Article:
THE HISTORY OF BOXING
Boxing has ties that go back to the beginnings of man, as ancient depictions found on cave walls show boxing was utilised by many of the first people. Northern Iraqi culture, Ancient Greeks, and the Ancient Indians all practised the art of boxing, and with a brutal nature. The Ancient Greeks would often fight to the death, and this mentality of pride and honour in battle saw many athletes lose their lives. Olympic contests would help to popularise the infamy of the boxing art, and even though the combat had some rules introduced there was still an extensive brutality incorporated. Generations of European and Asian cultures continued to develop, and improve the art of boxing, as notable innovations through Chinese boxing, Indonesian boxing, and Middle Eastern boxing became apparent.
Eventually boxing reached the shores of England and the United States of America, where the brutality of the sport may not have been to the death, but the bare knuckled aspect was extremely unfavorable. Due to the criticism, and the disgust of combat sports, many fighters were forced underground where they would compete in prize fights that were put on by shady casino organisations. This only infuriated civilians, and the authorities, which led to police raids, many arrests, and further discrimination against boxing athletes. Many of these fighters were serious about their athletic skills, and their boxing prowess, as they searched for legitimacy within their sport.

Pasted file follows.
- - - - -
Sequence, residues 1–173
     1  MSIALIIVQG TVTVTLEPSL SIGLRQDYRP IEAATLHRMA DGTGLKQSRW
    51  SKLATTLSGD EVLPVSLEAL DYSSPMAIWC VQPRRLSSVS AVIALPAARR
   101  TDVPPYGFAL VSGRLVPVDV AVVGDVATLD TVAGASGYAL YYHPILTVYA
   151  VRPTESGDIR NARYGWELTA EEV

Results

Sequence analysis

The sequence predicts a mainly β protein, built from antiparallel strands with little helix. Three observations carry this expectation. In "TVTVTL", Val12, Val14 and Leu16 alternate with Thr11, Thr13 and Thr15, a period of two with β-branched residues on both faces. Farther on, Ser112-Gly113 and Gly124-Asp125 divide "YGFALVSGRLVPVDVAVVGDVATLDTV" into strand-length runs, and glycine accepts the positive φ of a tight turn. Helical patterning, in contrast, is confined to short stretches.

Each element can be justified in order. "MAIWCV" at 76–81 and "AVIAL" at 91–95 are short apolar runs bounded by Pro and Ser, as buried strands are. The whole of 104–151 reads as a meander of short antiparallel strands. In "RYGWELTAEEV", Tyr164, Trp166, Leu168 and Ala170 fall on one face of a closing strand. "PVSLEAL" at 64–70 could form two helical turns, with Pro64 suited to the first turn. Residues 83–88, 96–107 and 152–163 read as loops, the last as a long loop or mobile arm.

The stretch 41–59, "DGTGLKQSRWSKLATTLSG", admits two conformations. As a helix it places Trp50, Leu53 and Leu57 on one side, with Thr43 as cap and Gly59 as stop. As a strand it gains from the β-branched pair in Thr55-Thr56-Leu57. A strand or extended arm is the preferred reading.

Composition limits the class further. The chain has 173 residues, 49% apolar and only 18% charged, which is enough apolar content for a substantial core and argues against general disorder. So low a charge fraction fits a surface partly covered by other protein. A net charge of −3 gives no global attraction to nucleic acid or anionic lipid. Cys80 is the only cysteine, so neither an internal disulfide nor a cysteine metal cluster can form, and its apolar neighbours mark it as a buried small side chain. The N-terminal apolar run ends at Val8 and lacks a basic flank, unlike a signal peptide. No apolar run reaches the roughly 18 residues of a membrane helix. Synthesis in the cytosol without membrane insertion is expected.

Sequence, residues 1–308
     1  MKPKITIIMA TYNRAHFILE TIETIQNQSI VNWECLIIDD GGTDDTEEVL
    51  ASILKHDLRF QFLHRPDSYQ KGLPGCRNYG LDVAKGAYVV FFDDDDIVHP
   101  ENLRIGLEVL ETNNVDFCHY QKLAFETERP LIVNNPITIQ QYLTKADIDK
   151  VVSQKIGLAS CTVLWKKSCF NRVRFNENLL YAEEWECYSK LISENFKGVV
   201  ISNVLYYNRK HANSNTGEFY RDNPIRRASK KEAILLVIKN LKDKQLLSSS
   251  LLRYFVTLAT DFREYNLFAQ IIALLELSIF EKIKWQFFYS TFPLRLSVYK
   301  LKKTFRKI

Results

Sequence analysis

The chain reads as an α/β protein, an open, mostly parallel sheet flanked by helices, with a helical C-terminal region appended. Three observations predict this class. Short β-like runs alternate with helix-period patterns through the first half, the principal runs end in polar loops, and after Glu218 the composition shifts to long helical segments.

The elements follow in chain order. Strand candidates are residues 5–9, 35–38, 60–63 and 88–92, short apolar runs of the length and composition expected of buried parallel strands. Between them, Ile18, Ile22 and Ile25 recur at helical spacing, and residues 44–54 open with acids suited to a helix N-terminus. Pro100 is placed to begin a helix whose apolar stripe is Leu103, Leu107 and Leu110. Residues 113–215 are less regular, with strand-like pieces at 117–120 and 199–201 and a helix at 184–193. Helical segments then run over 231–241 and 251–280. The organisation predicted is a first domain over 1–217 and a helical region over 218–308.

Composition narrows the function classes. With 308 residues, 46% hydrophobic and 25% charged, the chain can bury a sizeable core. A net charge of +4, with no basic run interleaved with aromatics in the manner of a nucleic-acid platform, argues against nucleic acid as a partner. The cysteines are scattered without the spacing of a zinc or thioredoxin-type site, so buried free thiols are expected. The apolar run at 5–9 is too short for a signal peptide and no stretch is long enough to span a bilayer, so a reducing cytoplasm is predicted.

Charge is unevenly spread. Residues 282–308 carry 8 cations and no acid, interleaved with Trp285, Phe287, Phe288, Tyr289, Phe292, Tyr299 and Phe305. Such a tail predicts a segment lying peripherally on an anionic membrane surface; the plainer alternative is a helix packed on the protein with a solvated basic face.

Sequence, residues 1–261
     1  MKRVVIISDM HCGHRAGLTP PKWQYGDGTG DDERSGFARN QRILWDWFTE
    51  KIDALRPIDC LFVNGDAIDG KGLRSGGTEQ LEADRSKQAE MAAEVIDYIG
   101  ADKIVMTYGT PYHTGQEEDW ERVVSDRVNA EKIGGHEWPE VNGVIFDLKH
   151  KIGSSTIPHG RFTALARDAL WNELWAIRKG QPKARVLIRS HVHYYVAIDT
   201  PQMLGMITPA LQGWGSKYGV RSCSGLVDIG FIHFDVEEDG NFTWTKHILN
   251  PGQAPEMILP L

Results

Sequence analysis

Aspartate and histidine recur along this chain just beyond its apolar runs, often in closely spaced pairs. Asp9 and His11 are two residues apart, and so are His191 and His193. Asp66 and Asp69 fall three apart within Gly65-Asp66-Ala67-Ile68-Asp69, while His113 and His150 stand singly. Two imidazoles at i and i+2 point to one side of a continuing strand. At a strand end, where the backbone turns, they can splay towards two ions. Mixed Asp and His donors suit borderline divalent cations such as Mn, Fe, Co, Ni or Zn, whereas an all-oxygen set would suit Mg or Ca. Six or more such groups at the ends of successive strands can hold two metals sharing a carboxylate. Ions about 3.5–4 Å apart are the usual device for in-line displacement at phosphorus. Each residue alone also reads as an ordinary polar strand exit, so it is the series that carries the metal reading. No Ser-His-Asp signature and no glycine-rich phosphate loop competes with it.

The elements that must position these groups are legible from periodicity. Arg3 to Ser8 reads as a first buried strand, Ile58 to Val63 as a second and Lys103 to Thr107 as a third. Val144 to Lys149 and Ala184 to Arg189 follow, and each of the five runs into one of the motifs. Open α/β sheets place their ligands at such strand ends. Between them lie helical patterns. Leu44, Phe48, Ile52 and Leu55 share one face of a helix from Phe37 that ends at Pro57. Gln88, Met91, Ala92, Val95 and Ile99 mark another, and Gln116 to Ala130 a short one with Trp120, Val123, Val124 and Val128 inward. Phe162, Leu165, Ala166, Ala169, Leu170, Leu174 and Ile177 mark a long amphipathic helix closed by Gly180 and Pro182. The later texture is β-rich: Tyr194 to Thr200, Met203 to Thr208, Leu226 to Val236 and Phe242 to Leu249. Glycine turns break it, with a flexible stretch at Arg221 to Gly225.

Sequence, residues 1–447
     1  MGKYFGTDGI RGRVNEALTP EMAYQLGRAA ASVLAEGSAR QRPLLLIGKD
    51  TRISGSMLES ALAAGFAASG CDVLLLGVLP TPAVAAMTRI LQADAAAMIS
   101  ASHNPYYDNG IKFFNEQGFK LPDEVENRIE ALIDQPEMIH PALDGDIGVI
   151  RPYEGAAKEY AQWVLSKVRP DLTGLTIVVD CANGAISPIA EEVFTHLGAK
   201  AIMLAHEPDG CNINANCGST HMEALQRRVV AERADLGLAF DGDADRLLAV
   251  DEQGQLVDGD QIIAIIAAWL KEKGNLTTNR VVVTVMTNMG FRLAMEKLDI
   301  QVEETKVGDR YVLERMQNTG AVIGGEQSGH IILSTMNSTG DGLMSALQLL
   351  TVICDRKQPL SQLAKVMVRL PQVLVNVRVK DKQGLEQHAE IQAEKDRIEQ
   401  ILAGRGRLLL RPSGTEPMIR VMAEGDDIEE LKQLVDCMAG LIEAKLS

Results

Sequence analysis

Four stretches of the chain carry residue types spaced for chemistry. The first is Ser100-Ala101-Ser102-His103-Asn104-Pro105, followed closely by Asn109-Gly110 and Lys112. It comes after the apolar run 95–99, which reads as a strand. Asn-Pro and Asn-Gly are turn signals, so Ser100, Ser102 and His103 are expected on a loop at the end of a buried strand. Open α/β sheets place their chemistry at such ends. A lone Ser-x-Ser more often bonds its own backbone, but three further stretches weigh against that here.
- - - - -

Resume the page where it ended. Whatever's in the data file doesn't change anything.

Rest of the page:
In 1867 The boxing federation introduced the Marquess of Queensberry rule set, which helped boxing become more of a civilised sport, which gave the art less scrutiny, and more good reviews. The Queensberry rule set included timed rounds, the use of boxing gloves, and a square ring surrounded by ropes, which made the fights much more safer for the athletes involved. This led to an influx of lower class boxing athletes trying to make a wage in order to feed their families. Even after this new civilised rule set boxing was still considered a dubious sport, as the act of two men beating each other for sport was still uncivilised to many middle, and upper class citizens. It wasn't until the turn of the century when Jim Corbett defeated John L Sullivan, to become the first ever boxing champion. This is how the sport became extremely popularised among the middle classes, and from this moment on boxing was heading in a direction that led to future Olympic status, as well as becoming a multi billion dollar enterprise.
THE DIFFERENCE BETWEEN BOTH ART FORMS
There are many differences between boxing and martial arts like taekwondo, as both arts utilise different structures, and different striking techniques. The art of boxing is purely a punching art, which incorporates heavy hands, fast and dynamic movements, coupled with extensive footwork capabilities. A boxer uses pivoting, lateral shuffling, forwards and backwards shuffling, feinting, level changing, ducking, and rolling under punches, in order to execute their techniques. A boxer is an expert at closing the distance, and getting in close, before using rotation of their hips to increase the amount of power they can land inside of a punch. This makes boxers more evasive by nature, and able to withstand rigorous striking from their opponents.